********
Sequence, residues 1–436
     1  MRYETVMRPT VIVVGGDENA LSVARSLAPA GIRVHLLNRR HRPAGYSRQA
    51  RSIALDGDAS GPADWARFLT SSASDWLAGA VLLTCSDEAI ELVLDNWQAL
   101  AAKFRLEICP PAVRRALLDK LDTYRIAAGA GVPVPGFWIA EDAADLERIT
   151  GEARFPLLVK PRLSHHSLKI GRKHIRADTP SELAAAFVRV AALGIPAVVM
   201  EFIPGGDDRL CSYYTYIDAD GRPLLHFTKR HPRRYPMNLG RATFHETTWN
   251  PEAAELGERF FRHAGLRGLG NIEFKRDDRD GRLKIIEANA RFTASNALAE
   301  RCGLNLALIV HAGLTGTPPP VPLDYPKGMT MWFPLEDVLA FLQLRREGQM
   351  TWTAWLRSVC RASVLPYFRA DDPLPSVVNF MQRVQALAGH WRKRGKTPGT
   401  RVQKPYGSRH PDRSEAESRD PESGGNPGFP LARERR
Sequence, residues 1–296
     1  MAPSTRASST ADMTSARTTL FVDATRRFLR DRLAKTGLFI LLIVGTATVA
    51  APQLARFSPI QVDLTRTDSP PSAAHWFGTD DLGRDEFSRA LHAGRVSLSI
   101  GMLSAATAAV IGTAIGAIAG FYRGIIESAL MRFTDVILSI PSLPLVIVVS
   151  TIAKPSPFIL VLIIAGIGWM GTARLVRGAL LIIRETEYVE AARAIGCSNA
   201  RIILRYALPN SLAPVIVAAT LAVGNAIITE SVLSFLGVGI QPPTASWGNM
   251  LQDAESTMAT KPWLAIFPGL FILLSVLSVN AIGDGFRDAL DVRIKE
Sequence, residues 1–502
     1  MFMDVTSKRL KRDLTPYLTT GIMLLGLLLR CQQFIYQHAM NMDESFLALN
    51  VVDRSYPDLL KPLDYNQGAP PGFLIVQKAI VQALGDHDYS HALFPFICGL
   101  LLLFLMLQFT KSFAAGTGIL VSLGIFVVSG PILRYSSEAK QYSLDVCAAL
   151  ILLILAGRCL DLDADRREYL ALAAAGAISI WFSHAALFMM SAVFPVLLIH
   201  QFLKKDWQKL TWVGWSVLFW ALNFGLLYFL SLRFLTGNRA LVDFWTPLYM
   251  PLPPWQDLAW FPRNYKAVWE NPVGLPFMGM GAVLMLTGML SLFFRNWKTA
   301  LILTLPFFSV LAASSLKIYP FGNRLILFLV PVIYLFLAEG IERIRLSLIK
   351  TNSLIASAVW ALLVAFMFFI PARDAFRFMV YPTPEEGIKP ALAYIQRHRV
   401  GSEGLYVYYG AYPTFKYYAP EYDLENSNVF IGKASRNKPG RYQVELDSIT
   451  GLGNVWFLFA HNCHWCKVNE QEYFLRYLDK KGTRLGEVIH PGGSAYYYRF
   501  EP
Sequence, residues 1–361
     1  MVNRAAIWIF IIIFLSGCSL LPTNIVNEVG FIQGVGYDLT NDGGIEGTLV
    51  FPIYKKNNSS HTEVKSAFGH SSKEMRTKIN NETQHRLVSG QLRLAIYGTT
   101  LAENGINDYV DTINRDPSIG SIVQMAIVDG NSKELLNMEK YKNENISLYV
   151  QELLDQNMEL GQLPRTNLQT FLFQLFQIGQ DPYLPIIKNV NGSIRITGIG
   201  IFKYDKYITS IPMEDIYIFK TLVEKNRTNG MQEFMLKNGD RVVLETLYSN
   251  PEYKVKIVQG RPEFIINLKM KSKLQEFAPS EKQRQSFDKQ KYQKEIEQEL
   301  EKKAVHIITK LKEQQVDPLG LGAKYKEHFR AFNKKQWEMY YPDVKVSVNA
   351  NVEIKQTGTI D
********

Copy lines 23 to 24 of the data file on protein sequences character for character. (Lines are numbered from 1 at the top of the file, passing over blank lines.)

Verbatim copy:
   201  QFLKKDWQKL TWVGWSVLFW ALNFGLLYFL SLRFLTGNRA LVDFWTPLYM
   251  PLPPWQDLAW FPRNYKAVWE NPVGLPFMGM GAVLMLTGML SLFFRNWKTA